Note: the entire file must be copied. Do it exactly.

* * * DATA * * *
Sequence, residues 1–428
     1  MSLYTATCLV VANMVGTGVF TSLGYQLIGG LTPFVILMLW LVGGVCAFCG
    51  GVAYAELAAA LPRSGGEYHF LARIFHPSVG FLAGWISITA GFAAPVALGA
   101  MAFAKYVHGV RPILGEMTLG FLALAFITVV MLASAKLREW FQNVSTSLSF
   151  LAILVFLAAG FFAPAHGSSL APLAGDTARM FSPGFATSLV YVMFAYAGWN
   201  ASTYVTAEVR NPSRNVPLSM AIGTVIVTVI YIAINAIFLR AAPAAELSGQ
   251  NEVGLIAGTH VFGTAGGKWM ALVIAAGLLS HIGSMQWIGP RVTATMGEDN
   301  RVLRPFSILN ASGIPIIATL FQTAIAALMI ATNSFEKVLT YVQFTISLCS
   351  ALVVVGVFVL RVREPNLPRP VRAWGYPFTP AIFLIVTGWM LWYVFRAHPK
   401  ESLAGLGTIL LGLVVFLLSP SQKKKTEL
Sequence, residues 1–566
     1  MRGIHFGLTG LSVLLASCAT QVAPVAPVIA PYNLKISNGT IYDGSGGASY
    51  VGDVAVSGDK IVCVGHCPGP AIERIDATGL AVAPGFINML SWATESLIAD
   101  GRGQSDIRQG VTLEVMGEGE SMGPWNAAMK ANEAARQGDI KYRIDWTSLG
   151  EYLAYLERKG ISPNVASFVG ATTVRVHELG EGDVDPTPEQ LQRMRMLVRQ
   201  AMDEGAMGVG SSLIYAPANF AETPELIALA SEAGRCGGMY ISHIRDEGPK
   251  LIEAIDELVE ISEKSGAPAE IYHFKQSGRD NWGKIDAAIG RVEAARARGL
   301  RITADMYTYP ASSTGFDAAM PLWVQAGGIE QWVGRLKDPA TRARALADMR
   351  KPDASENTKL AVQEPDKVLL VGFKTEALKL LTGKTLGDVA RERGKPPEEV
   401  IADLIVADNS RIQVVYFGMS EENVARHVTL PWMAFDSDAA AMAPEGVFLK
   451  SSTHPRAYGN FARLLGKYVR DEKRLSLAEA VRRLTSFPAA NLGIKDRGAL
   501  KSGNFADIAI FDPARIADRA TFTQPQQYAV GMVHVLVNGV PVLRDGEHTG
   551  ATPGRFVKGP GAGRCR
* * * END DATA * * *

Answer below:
Sequence, residues 1–428
     1  MSLYTATCLV VANMVGTGVF TSLGYQLIGG LTPFVILMLW LVGGVCAFCG
    51  GVAYAELAAA LPRSGGEYHF LARIFHPSVG FLAGWISITA GFAAPVALGA
   101  MAFAKYVHGV RPILGEMTLG FLALAFITVV MLASAKLREW FQNVSTSLSF
   151  LAILVFLAAG FFAPAHGSSL APLAGDTARM FSPGFATSLV YVMFAYAGWN
   201  ASTYVTAEVR NPSRNVPLSM AIGTVIVTVI YIAINAIFLR AAPAAELSGQ
   251  NEVGLIAGTH VFGTAGGKWM ALVIAAGLLS HIGSMQWIGP RVTATMGEDN
   301  RVLRPFSILN ASGIPIIATL FQTAIAALMI ATNSFEKVLT YVQFTISLCS
   351  ALVVVGVFVL RVREPNLPRP VRAWGYPFTP AIFLIVTGWM LWYVFRAHPK
   401  ESLAGLGTIL LGLVVFLLSP SQKKKTEL
Sequence, residues 1–566
     1  MRGIHFGLTG LSVLLASCAT QVAPVAPVIA PYNLKISNGT IYDGSGGASY
    51  VGDVAVSGDK IVCVGHCPGP AIERIDATGL AVAPGFINML SWATESLIAD
   101  GRGQSDIRQG VTLEVMGEGE SMGPWNAAMK ANEAARQGDI KYRIDWTSLG
   151  EYLAYLERKG ISPNVASFVG ATTVRVHELG EGDVDPTPEQ LQRMRMLVRQ
   201  AMDEGAMGVG SSLIYAPANF AETPELIALA SEAGRCGGMY ISHIRDEGPK
   251  LIEAIDELVE ISEKSGAPAE IYHFKQSGRD NWGKIDAAIG RVEAARARGL
   301  RITADMYTYP ASSTGFDAAM PLWVQAGGIE QWVGRLKDPA TRARALADMR
   351  KPDASENTKL AVQEPDKVLL VGFKTEALKL LTGKTLGDVA RERGKPPEEV
   401  IADLIVADNS RIQVVYFGMS EENVARHVTL PWMAFDSDAA AMAPEGVFLK
   451  SSTHPRAYGN FARLLGKYVR DEKRLSLAEA VRRLTSFPAA NLGIKDRGAL
   501  KSGNFADIAI FDPARIADRA TFTQPQQYAV GMVHVLVNGV PVLRDGEHTG
   551  ATPGRFVKGP GAGRCR